Cleary Gottlieb on Latest Developments in European Leveraged Finance


Early 2000s

  • Lenders’ freedom to transfer their participations in large leveraged loans has been gradually eroded by developments introduced through the last few credit cycles.
  • By the time of the pre-crisis peak in 2007/2008, the provisions governing freedom to transfer had settled on the following:
    • Transfers had to be to “another bank or financial institution or to a trust, fund or other entity which is regularly engaged in or established for the purpose of making, purchasing or investing in loans, securities or other financial assets”.
    • Borrower consent to any transfer was required (which could not be unreasonably withheld and was deemed given if not expressly refused within a short period), except:
      • if there was an Event of Default continuing; or
      • for transfers to affiliates or related funds or other lenders.
    • Permitted transferees of revolving facilities often had to comply with minimum ratings criteria.
    • Restrictions on sub-participations were not universal, and in many cases only applied where voting rights passed to the sub-participant.
    • Requirements to disclose the identity of sub-participants were rare.

Post-crisis developments

  • Following the financial crisis, borrowers focused again on transferability as their bank lenders came under pressure to dispose of non-core assets and the range of potential buyers of leveraged debt expanded through the proliferation of non-bank investors. The deep liquidity in the secondary market and hunt for yield that has characterized the last few years has armed borrowers with the negotiating power to push for ever more stringent restrictions on the lenders’ ability to sell out and walk away.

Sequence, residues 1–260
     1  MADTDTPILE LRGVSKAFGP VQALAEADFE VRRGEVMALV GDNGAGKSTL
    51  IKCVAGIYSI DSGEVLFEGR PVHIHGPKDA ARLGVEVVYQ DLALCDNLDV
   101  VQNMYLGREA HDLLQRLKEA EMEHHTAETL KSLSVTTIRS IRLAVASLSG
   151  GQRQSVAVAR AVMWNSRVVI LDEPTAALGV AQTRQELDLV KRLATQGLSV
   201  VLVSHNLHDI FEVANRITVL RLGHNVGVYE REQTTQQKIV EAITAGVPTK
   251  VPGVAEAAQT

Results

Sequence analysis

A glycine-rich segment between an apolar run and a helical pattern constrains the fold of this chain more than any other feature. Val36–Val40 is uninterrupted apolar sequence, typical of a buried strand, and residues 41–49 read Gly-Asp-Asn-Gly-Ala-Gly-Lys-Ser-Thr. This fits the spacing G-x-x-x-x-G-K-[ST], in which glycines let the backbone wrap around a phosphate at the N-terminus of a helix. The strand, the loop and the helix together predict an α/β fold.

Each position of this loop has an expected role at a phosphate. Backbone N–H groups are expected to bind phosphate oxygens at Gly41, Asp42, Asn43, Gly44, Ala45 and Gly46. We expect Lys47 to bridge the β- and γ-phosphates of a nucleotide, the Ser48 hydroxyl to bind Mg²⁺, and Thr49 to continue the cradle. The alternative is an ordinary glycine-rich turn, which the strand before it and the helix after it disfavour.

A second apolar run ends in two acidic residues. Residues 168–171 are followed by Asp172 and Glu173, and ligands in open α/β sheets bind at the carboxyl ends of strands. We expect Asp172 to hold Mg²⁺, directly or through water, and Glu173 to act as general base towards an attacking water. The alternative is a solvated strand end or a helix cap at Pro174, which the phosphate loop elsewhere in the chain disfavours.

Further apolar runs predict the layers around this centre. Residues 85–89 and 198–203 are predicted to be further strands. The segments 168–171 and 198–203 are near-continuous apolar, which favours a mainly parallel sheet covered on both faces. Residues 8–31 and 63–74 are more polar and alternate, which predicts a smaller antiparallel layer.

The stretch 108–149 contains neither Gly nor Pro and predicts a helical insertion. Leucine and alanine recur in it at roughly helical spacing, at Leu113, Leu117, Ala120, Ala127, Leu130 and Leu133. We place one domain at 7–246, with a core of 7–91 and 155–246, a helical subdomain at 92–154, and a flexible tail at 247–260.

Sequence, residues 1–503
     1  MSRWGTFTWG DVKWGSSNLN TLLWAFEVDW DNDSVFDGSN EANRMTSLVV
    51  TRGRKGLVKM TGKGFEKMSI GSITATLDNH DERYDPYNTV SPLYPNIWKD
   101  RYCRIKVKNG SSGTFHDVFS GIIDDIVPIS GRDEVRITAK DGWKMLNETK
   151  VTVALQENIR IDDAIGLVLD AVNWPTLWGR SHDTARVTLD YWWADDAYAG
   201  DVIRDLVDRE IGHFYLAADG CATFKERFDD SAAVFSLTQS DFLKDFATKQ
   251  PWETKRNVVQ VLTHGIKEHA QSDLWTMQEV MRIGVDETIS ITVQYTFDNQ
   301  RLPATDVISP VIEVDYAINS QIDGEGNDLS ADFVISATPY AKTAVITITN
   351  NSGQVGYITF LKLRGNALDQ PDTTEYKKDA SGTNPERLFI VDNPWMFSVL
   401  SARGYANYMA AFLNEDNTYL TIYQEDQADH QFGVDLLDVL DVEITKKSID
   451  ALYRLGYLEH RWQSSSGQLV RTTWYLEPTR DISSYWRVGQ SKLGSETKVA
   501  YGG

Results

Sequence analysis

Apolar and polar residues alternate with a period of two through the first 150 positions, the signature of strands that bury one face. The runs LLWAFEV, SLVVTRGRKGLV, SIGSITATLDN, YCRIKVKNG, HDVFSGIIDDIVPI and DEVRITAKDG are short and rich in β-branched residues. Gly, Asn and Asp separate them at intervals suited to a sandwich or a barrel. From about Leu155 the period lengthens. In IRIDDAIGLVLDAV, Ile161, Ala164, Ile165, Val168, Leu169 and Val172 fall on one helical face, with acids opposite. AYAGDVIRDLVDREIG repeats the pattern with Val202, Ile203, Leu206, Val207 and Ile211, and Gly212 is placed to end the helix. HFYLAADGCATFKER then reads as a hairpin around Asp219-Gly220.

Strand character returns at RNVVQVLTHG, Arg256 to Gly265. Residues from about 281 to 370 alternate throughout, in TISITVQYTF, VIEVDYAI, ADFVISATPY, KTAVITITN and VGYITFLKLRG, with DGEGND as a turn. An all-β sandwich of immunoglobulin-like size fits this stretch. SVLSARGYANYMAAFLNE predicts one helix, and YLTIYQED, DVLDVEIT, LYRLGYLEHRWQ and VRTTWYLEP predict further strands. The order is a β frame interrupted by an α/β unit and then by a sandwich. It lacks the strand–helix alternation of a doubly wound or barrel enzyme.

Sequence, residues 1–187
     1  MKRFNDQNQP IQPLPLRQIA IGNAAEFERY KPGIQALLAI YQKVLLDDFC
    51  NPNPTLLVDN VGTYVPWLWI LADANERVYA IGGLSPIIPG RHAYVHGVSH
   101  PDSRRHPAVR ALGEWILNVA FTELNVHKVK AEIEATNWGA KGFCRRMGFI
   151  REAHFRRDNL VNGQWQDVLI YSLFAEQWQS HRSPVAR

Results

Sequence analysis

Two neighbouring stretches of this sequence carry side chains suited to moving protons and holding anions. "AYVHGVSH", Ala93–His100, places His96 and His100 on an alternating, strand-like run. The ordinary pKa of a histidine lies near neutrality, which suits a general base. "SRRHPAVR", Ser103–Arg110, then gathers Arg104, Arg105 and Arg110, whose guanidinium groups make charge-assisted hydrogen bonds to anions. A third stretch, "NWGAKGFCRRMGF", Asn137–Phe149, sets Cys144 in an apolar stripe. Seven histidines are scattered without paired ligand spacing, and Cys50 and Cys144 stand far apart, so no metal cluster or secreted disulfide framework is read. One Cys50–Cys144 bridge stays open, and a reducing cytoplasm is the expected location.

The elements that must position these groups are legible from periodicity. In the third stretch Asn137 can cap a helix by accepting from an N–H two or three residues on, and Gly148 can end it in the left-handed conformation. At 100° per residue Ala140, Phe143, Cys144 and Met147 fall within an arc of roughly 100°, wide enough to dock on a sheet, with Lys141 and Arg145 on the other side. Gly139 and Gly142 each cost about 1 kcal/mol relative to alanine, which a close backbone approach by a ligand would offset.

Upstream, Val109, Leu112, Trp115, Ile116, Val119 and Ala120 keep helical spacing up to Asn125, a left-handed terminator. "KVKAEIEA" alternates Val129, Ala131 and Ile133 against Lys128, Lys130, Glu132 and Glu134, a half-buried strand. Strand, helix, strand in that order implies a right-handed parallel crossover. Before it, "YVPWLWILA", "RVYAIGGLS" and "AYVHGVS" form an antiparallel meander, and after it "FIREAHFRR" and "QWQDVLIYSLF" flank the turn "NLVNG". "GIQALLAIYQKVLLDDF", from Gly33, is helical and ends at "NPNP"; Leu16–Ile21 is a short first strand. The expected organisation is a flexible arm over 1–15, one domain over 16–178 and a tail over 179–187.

• Borrower consent rights (subject to reasonableness and a now typical 5 business day response deadline) as noted above remain the anchor around which negotiations take place. However, the inherent uncertainty of applying a reasonableness test to any given situation has led to the increasing use of express transfer restrictions not subject to such test. Broadly, those restrictions can be put into two categories.
  • Restrictions on acceptable transferees:
    • White Lists: The use of pre-agreed lists of specific entities to whom transfers do not require borrower consent are now prevalent. Further, it is now commonplace to have a separate clause which legislates for how and when such white list can be altered – specifying whether the borrower can remove names from the white list and, if so, the circumstances and frequency of alterations. Typically, names can be removed if the relevant entities have merged with or been taken over by entities not on the list, or if they have become ‘loan-to-own’ investors (see below). But in some deals borrowers may remove names without rationale, subject to a fixed cap of typically between 3 and 5 names per financial year.
    • Vulture Funds: Even where loan transfers are subject to borrower consent, many deals now also contain an absolute prohibition on transfers to generically defined ‘loan-to-own investors’ or ‘vulture funds’. These entities are often defined along the lines of:

      any person or entity which engages in investment strategies the primary purpose of which is to purchase loans or other debt securities with a view to owning the equity or gaining control of a business

      In the absence of a clear fact pattern, this may be difficult to prove given it has a strong subjective element. Like art, a vulture fund is difficult for a borrower to describe, but they will know it when they see it. For obvious reasons, the borrower would expect this prohibition on transfers to continue even if there is an event of default which is “continuing”.